Gay marriage: Weddings begin in Rhode Island and Minnesota

Gay marriage: As of August 1, same-sex couples can marry in 13 states and D.C. Freedom to Marry now estimates that 30 percent of Americans live where gay marriage is legal.

Brian Peterson/Star Tribune/AP
Margaret Miles (black dress) and Cathy ten Broeke (red dress) were the first same-sex couple married in Minnesota. The wedding was performed by Mayor R.T. Rybak at midnight Aug. 1, 2013 in Minneapolis, who performed another 41 ceremonies in the wee hours of Thursday. Their son, Louie Miles ten Broeke (l.) was also present.

In public celebrations and intimate ceremonies, gay couples exchanged vows Thursday in Minnesota and Rhode Island as the number of places where same-sex couples can wed grew to more than a quarter of U.S. states.

Dozens of gay couples began getting hitched at the stroke of midnight in Minnesota, the largest Midwestern state where it is now legal to do so. In Rhode Island, the last New England state to allow same-sex marriage, weddings began at 8:30 a.m., when municipal offices opened.

Zachary Marcus and Gary McDowell were married Thursday afternoon at Providence City Hall by Mayor Angel Taveras. McDowell, 28, a Harvard Medical School researcher, was born in Northern Ireland. The recent Supreme Court decision striking down a law denying federal benefits to married gay couples means he can petition for permanent residency.

"It was important for us that it be the first day," said Marcus, 25, a Brown University medical student. "It's a personal day for us, and it's also a great political victory."

As of Thursday, same-sex couples can marry in 13 states and in Washington, D.C. The national gay rights group Freedom to Marry estimates that 30 percent of the U.S. population now lives in places where gay marriage is legal.

In Minneapolis, an estimated 1,000 people packed into City Hall at midnight to celebrate 46 same-sex weddings officiated by Mayor R.T. Rybak. Several Hennepin County judges performed 21 more in the City Council's chambers.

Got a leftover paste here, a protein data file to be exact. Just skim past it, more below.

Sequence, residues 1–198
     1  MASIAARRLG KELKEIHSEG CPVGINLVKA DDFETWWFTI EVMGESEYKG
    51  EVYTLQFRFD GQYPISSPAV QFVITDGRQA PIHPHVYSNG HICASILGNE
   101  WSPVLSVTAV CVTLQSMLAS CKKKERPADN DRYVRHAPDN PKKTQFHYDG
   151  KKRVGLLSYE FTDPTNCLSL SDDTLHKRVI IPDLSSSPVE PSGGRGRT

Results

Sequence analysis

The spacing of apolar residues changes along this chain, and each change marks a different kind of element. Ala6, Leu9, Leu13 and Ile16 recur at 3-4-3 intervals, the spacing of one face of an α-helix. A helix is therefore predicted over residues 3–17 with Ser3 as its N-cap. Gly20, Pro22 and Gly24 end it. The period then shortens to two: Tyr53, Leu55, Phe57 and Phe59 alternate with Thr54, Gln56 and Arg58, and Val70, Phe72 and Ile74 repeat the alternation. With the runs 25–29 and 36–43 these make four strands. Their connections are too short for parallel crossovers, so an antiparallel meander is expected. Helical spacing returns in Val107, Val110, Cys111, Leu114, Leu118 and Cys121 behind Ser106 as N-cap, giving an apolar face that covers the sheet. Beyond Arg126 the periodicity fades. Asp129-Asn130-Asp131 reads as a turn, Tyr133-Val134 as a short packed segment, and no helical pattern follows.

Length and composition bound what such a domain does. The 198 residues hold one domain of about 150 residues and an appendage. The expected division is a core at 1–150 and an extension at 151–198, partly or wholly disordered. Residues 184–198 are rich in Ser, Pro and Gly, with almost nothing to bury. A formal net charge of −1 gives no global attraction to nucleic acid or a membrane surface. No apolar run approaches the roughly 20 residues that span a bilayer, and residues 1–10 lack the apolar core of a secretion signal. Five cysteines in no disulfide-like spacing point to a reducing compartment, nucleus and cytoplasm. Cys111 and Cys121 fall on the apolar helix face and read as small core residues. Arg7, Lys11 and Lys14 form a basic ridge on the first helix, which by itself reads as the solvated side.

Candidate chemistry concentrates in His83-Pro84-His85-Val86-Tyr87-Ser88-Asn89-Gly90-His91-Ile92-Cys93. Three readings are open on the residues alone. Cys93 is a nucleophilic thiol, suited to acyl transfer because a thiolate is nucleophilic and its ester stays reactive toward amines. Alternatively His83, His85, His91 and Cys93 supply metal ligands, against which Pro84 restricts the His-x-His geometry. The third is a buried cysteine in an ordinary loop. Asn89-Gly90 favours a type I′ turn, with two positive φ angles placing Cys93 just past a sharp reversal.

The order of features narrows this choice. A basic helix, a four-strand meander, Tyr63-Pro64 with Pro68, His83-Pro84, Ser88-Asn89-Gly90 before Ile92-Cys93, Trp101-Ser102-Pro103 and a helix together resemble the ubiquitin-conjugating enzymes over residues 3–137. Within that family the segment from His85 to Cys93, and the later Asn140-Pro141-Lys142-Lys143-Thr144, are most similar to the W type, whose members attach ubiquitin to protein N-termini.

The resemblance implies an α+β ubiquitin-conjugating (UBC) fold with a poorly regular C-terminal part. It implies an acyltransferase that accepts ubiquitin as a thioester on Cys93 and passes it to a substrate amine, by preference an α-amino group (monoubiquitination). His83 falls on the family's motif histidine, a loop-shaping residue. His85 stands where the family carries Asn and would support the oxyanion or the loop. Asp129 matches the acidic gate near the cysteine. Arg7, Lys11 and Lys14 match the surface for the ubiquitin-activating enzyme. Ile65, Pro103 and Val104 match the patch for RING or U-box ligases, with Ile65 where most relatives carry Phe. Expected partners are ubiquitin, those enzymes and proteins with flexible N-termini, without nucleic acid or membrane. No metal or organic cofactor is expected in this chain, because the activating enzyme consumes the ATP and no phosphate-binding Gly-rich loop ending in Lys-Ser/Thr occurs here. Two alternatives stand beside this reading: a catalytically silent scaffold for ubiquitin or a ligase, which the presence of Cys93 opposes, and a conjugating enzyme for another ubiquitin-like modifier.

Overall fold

"I didn't expect to cry quite that hard," said a beaming Cathy ten Broeke, who with Margaret Miles was the first gay couple to wed at City Hall.

"We do," the couple and their 5-year-old son, Louie, said to cheers as they promised to be a family.

Gov. Mark Dayton had proclaimed Aug. 1 to be "Freedom to Marry Day" in Minnesota. Celebrations in Rhode Island were more muted, which advocates said was probably because so many nearby states already allow same-sex marriage.

Democratic Gov. Lincoln Chafee, who became one of the earliest prominent national supporters of legalizing gay marriage when he was a Republican U.S. senator, planned to attend a state lawmaker's wedding later in the day. House Speaker Gordon Fox, who is gay, planned to officiate. U.S. Rep. David Cicilline, one of the few openly gay members of Congress, stayed in Washington for the legislative session but issued a statement expressing support.

A Washington, D.C.-based group opposed to gay marriage, Alliance Defending Freedom, advised municipal clerks they could ask a colleague to issue licenses to same-sex couples if they were opposed. There were no reports of that happening in either state.

In some communities, excited clerks posed for photos with couples. Newport, R.I., City Clerk Kathleen Silvia gave kisses to Federico Santi and John Gacher, who have been together for 41 years and converted their civil union to a marriage Thursday morning. She called it "a day of smooching."

In Minnesota, budget officials estimated that 5,000 gay couples would marry in the first year. Voters there rejected a constitutional ban on gay marriage last fall, and the Legislature this spring moved to make it legal.

Lawmakers in heavily Catholic Rhode Island passed the marriage law this spring after more than 16 years of efforts by same-sex marriage supporters.

Condon reported from Minneapolis. Associated Press writers Jeff Baenen in Minneapolis and Rodrique Ngowi in Newport, R.I., contributed to this report.

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